- Mobile-friendly is to adapt a website that has been designed specifically for desktop screens to a smaller version for smartphones or tablets. This is usually the bare minimum of mobile design that most businesses can get away with. Though this might seem like an easy and cost-effective solution, plenty of websites aren’t successful unless they follow mobile-friendly design tips.
- Mobile-optimized, though it sounds similar, is actually a far more advanced and complex design technique than mobile-friendly. A mobile-optimized website isn’t simply a smaller version of a desktop site, nor is it as simple as images resized for a smaller screen. It is a website that is completely designed for smartphone use.
- Responsive websites are able to respond to the device they are being viewed on, and will automatically reformat themselves so that they work well and look great on laptops, tablets, smartphones and almost any other device. This is the ultimate adaptive web design.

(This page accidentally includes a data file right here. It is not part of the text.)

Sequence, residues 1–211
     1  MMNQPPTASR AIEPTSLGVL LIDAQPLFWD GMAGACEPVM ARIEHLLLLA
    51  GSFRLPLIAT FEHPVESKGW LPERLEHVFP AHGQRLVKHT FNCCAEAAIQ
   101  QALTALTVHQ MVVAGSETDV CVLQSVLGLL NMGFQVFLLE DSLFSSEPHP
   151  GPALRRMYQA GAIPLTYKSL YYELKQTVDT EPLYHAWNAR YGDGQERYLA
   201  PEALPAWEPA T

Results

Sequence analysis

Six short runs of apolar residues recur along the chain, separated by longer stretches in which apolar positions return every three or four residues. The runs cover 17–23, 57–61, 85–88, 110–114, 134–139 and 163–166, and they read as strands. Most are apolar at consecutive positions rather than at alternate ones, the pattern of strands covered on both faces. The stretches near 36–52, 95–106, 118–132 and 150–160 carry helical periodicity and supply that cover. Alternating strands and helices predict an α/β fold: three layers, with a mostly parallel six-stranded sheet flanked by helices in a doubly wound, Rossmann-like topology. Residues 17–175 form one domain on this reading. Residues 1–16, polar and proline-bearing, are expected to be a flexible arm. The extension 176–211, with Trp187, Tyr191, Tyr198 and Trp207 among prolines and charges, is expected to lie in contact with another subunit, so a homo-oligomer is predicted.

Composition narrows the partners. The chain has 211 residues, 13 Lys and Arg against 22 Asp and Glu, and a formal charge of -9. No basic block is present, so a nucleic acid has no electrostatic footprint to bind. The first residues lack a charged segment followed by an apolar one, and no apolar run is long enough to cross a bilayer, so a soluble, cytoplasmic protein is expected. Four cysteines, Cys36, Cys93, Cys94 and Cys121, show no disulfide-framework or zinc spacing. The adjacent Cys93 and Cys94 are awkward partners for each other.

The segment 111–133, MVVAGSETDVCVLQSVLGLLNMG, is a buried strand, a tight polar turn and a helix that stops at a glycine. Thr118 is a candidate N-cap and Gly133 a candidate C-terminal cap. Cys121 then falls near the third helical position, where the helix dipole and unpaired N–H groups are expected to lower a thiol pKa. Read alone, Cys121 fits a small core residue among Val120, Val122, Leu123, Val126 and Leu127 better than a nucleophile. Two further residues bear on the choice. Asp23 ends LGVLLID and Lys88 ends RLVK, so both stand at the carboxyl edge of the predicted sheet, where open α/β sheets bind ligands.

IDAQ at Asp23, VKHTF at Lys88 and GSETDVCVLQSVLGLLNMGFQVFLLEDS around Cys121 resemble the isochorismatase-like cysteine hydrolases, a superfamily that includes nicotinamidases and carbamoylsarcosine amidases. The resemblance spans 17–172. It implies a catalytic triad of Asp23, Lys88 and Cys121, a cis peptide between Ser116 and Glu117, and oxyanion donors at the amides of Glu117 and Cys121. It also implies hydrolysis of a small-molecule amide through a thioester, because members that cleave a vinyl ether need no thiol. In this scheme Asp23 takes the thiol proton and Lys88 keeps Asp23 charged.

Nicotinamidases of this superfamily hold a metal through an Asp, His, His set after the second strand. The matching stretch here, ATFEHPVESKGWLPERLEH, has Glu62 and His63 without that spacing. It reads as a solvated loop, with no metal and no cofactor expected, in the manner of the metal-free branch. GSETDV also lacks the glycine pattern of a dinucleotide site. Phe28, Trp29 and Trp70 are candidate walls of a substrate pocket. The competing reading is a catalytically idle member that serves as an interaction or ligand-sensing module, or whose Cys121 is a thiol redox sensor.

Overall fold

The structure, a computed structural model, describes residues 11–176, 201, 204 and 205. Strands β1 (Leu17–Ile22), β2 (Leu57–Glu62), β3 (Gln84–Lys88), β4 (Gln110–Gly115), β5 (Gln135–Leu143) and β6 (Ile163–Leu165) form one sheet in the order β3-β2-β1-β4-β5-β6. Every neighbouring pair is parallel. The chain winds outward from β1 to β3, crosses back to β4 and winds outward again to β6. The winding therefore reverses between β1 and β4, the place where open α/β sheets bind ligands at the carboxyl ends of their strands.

Whether you decide on mobile-friendly, mobile-optimized or responsive web design, your website can still look great as long as you know what to keep in mind. Lucky for you, we have an in-depth look into mobile-friendly, mobile-optimized or responsive web design and how to do it well.
What is mobile-friendly web design?
Mobile-friendly web design is often a slimmed down version of the desktop. It’s an approach to web design that makes small tweaks to a desktop-oriented website so that it can be used on smartphones as well.
Taking this approach means that web designers need to keep in mind a few key principles: